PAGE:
Writers who turn ordinary subjects extraordinary. Where the unusual is not the person or the tale but the insight the writer brings, and the way they make you feel, with them, bonded.

Another of those gems is Vivian Gornick’s Fierce Attachments, about her loving but fraught relationship with her mother. Gornick, an essayist and critic, used to recommend books for her mother to read, and when her mother would say “I’m going to feel lonely when I finish this,” Gornick knew she had recommended well. “What more could any writer ask of a reader?”

If we can posit some kind of taxonomy of the unusual in memoir, we might say it exists on three axes: Character, subject, and style.

For a work of memoir to have any merit, I would suggest, it must be unusual in least one of the above three dimensions. If it is unusual in two, the work is a rare hit. If it is unusual in all three, it is a sensation — the rarest of rare literary things.

The first is the unusual character: the celebrity, the entertainer, the elected official, the statesman.

The second is the inherently fascinating subject. The child soldier in Africa. The harrowing ordeal of the kidnapping victim. The hopeless attempt to reach the last uncontacted tribe.

The third, the most rare, is when the writing sings. When the very best prose elements — vividness, humor, poignancy, irony — combine to deliver the deliciousness of a voice that is at once masterful and unself-conscious, absorbing us to the point that we don’t ever notice how deftly stylized.

The above qualities — unusual character, subject, or style — offer us the extraordinary in relation to the ordinary, and the best are the writers who can hold them up in compelling juxtaposition.

The celebrity memoir offers to make the extraordinary ordinary. To show the smallness and sameness of what seems so big and different.

Similarly, the unusual subject attempts to take something large and incomprehensible and show us the currents within them that we know from our own lives. Difficult choices, perseverance, the torment of physical or emotional pain, the joy of its relief.

The stylist — the unusual storyteller — however, does the opposite, accomplishing the more difficult feat by far: making the ordinary extraordinary, holding up the mundane and saying, “Look closely, and you will see wonders!” One deft turn of phrase, and the inchworm on the page feels like it’s crawling up your neck.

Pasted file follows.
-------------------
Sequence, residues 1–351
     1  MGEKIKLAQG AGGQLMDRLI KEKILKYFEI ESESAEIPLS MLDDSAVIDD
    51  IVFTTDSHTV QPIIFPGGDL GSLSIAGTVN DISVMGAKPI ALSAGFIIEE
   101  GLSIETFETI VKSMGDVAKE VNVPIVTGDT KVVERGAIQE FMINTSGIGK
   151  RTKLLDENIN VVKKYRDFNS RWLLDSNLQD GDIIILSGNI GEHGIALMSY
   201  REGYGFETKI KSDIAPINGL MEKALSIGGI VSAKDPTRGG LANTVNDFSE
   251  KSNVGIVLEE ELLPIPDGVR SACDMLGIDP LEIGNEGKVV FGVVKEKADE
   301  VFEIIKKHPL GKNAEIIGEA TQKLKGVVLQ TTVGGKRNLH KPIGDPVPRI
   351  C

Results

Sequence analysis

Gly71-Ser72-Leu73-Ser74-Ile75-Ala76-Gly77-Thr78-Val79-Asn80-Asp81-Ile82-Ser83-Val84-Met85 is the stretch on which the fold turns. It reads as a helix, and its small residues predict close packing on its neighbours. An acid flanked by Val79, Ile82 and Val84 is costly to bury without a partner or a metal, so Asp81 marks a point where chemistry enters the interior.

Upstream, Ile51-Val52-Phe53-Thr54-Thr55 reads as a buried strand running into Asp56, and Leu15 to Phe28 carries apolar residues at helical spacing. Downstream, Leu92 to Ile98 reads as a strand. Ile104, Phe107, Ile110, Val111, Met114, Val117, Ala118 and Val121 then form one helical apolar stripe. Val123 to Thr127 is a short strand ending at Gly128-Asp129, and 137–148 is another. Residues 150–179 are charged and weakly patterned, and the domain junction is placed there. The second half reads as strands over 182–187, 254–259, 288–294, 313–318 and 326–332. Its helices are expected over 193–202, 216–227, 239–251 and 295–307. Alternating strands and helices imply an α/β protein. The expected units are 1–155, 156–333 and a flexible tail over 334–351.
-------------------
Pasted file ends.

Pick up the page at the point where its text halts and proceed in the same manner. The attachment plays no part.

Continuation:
The unusual storyteller brings unusual insight. He or she takes unrelated events of apparent insignificance and holds them up to point to the thin but tenable threads that tie them together. Holding the moon, the earth, and the sun, and saying: see the wonder of these very separate things, observe the unseen gravitational pull binding them. See the light of one in the other. See how this event on Monday mirrors the other from Saturday, even if, on their surface, they seem unconnected and uncoordinated.

Which brings me back to Merkin.

What her piece has is the boldness to go where few others will. The willingness to examine a subject most others shy from even when facing only themselves, let alone with a public audience.

Merkin is not famous — at least not “celebrity famous” — but her essay combines two of the essential elements of the unusual: the unusual subject paired with unusual style. The admission of an aberrant sexual urge combined with the deftness of her writing and her extraordinary insight into her own desires, in addition to her breathtaking vulnerability.

It’s easy to dismiss an essay on spanking with a “sex sells” wave of the hand, but Merkin’s piece, while obviously about sex, is neither lurid nor even titillating. It’s dry — almost clinical. It is above all, an examination of a complex urge that is nothing if not a mirror, in some fashion, of the universal human shame of our basest desires. As she writes toward the end:

For me, it was about nothing less gripping than stating and restating, in an adult arena, the emotionless conditions of my childhood, where accepting pain was the price of affection. I believed in a magic trick, an impossible reversal: If you choose of your own free will to let someone hurt you, then all past hurt would be wondrously undone.

Merkin is an erudite and gifted writer, and — minus any puritanical objections — her piece is a great exhale of collective shame, with Merkin seeing the unusual in her own life, and recognizing the story we all yearn to hear.

This is key, then: seeing the unusual and the seeing the story in it — because story isn’t obvious. Mostly, we see life and we think it just is.

About four years ago, I wrote and published an essay in which I recounted the story of a roommate I’d had, a 20-year-old woman just out of college, who died from a heroin overdose right in my apartment. The essay gave me a way to explore my own complex feelings that followed her death.

I’ll never forget what someone asked me after my piece was published: “Why does crazy shit only happen to writers?”

I think the answer is: it doesn’t. What happens, rather, is that writers look at the everyday and say: there’s a story. They find connective tissue between seemingly unrelated events. They see the humor and the joy and the tragedy and the heartbreak and find ways to set them down for the reader to experience with an immediacy that approximates living them.

And so perhaps if there’s a single thing a memoirist must know above all, it is simply this: find the unusual within the usual, the extraordinary within the ordinary. It’s the surest way to earn your reader.